3.1.11

Kibbutz Ga'ash


Fred in Israel
Originally uploaded by fred pipes
Talking to an Israeli dancer last night at Foz? and Max's party I was reminded of the time I spent in Israel - April-June 1970. I can't find any diary entries for it (there's a gap in my journals from 1970-72!) so this is from memory. My adventurous girlfriend at the time Maddy said she was going and did I want to come? Err, yes, I replied. I was working in a dead-end job, in the dark mostly at Taylor's photo lab in Rodboro Buildings, Guildford, and sharing a room with Gus at 7 Mill Lane, so I thought why not. The plan was to fly to Tel Aviv on a one-way ticket, stay for an indeterminate time, then somehow hitch home via Greece!

The flight cost about 34 quid. We stopped to refuel at Istanbul and arrived at Tel Aviv early in the morning. After much traipsing round the suburbs we found an agency and were sent to Kibbutz Ga'ash, near Netaniya, on the coast. We were put into the wooden huts previously occupied by the settlers, who'd moved on to brick-built bungalows. It was all very informal - our jobs for the day were posted up outside the post office and we ate with the other volunteers in the communal dining room. Contact with the kibbutzniks was minimal. My main job was in a small factory making sheet metal fluorescent light fittings; Mad mainly looked after the chickens. Every so often we had to join in the harvest, potato picking for example, which was relentless back-breaking work - you had to gather the tractor-exposed spuds in buckets before they were covered over by the next furrow! The factory was more cushy, with regular coffee breaks! We were paid at the Post Office - a few Israeli pounds, 100 Nadiv untipped cigarettes a week (with tobacco so dry that if you tapped a ciggy it would all fall out), a small tin of coffee, and toothpaste if we needed it. We could take what clothes we needed from the laundry. Every blue moon there'd be a film show in the dining room, or the next kibbutz and if you were lucky you'd get a lift in a tractor.

We were close to a lovely unspoilt beach, under cliffs, and as it got too hot in the afternoons to work, we spent some time there. There were barbecues that involved killing chickens! We also went on several excursions - the Kibbutz was very relaxed about us going off on jaunts, mainly I think because the settlers were from South America with a mañana attitude. Hitching was easy and common, although any soldiers waiting in lay-bys got priority lifts. We went to Jerusalem (making a point of visiting the Garden of Gethsemane on the advice of an Al Stewart song), Nazareth, Bethlehem, and Hebron (a lift in an army half-track), north to Caesaria (where the beach was littered with Roman tesserae), Haifa, Tiberias and the Sea of Galilee, south across the Negev desert to the hell-hole (then) of Eilat, the hottest place I've ever experienced. We slept on the beach, where mad locals would drive their jeeps all night. The coolest place to be was in the Red Sea. We couldn't get out of there because it was a long national holiday! We stayed mainly in segregated youth hostels or cheap hotels. The only place we didn't get to see was the Dead Sea.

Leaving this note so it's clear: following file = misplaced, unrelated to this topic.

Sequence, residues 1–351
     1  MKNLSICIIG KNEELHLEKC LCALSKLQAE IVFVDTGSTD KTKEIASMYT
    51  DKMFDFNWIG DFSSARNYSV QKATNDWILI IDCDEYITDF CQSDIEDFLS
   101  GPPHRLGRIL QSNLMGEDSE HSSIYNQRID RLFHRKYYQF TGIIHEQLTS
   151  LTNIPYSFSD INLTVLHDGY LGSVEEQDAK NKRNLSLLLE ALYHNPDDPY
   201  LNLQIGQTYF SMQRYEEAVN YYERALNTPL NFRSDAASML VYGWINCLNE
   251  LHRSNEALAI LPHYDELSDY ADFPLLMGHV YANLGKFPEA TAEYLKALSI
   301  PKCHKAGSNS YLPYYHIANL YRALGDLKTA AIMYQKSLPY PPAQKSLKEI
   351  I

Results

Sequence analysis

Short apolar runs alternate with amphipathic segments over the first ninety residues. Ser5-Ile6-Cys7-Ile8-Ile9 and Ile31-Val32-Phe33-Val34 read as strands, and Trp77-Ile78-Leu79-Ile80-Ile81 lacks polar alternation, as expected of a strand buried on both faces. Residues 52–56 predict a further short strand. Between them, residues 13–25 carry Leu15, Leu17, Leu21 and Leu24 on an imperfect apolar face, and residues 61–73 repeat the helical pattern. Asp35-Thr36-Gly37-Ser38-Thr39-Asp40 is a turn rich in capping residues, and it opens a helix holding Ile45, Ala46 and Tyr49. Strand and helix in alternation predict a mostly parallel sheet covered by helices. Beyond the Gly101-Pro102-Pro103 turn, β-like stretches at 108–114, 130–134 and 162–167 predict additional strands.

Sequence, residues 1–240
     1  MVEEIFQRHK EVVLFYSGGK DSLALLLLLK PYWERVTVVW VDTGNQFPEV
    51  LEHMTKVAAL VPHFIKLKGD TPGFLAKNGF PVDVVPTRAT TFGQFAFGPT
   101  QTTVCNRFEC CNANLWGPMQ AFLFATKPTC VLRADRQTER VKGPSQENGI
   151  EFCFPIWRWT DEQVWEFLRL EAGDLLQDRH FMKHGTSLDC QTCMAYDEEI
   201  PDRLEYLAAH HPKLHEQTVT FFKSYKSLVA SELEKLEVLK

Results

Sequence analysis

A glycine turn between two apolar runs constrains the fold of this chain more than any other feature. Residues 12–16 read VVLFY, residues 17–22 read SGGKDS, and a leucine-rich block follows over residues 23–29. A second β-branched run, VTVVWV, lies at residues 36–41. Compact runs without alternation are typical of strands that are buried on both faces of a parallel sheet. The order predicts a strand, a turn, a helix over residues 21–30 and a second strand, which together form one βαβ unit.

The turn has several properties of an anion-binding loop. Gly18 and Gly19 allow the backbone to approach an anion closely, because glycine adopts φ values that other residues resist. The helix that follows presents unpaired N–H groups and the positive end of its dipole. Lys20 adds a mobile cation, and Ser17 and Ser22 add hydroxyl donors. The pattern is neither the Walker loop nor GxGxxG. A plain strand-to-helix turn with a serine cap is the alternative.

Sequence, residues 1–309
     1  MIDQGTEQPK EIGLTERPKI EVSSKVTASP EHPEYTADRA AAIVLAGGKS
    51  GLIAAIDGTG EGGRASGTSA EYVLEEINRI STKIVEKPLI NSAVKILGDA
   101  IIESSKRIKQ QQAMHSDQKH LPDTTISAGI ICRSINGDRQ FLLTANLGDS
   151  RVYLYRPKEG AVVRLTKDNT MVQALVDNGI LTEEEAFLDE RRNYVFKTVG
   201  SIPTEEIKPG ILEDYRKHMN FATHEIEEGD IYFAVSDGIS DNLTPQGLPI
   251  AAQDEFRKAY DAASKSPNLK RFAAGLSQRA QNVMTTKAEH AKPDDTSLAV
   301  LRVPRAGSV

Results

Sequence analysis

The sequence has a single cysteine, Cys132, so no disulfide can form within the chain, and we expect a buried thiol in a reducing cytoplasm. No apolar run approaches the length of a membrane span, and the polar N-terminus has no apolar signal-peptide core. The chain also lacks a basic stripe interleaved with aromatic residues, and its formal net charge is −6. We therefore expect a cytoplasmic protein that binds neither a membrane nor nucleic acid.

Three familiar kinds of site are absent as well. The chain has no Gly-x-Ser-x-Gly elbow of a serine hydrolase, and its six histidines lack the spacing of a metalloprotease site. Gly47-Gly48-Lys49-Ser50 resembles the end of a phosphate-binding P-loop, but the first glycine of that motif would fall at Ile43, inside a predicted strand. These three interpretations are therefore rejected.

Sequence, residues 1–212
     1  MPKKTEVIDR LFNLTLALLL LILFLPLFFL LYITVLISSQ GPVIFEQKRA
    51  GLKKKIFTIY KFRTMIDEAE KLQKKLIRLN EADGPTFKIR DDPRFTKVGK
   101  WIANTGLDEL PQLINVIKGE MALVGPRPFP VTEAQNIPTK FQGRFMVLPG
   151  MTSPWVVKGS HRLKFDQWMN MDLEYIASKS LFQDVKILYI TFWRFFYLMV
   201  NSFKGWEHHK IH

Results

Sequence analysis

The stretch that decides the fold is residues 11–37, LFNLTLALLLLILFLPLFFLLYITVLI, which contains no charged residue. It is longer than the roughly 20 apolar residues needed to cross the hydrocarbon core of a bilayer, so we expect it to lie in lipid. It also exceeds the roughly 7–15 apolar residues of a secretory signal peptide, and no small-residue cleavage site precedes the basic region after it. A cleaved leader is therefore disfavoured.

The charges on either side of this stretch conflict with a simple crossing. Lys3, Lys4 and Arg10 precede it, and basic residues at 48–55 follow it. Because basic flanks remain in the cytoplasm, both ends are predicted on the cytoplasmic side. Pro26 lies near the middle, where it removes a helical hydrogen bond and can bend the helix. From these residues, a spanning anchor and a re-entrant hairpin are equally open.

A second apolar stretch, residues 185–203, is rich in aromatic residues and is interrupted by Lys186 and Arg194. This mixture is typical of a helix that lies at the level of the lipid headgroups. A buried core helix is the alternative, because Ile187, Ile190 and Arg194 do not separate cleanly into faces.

It was at Ga'ash that I heard (from the man in the post office) that the Beatles had split up and that Johnny Hodges had died. It was a great place to hide away - in fact I'm sure one of the volunteers was an international criminal cat burgler - a big black car would arrive and whisk him off to Tel Aviv night spots. The food was good, although there was not much in the way of booze. The Shabbat wine was weak, sweet and full of flies - we used tea strainers to filter them out. But there were always plenty of oranges. After a while we wanted to get home, but had no money. We needed dollars to buy air tickets. I wrote to Gus for him to send some cash in an envelope but he did something through a bank and that came to nothing. Maddy rather foolishly sold some blood! We'd gone off the hitching through Europe idea. In the end, a new volunteer from the USA kindly cashed our Israeli money into hard currency and we got home. Back at Gatwick we were surprised to be able to change our remaining Israeli cash into proper money, and got the train back to Guildford.

On leaving the kibbutz we were each given a book (by the man at the post office) with a sweet inscription, as shown below.

Inscription
Post a Comment